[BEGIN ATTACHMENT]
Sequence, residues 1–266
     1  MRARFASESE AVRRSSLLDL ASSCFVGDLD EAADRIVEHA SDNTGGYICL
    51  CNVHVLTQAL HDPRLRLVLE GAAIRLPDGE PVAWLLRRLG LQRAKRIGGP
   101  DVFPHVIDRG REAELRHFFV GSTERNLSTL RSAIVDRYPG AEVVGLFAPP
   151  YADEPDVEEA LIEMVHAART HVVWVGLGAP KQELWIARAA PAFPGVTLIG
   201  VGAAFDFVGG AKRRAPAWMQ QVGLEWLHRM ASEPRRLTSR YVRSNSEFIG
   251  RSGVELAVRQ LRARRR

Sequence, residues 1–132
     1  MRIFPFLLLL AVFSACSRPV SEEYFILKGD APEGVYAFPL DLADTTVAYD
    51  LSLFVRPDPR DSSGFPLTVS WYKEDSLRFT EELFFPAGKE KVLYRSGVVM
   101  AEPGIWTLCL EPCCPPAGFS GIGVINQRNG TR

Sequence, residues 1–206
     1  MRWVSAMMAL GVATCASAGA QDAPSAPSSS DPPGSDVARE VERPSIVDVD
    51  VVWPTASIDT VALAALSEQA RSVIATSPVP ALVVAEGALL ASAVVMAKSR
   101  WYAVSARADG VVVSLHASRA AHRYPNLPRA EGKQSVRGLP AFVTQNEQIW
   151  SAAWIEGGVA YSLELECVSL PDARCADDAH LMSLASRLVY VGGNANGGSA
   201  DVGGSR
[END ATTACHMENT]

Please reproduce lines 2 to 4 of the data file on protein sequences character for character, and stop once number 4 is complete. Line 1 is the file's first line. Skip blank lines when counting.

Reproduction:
     1  MRARFASESE AVRRSSLLDL ASSCFVGDLD EAADRIVEHA SDNTGGYICL
    51  CNVHVLTQAL HDPRLRLVLE GAAIRLPDGE PVAWLLRRLG LQRAKRIGGP
   101  DVFPHVIDRG REAELRHFFV GSTERNLSTL RSAIVDRYPG AEVVGLFAPP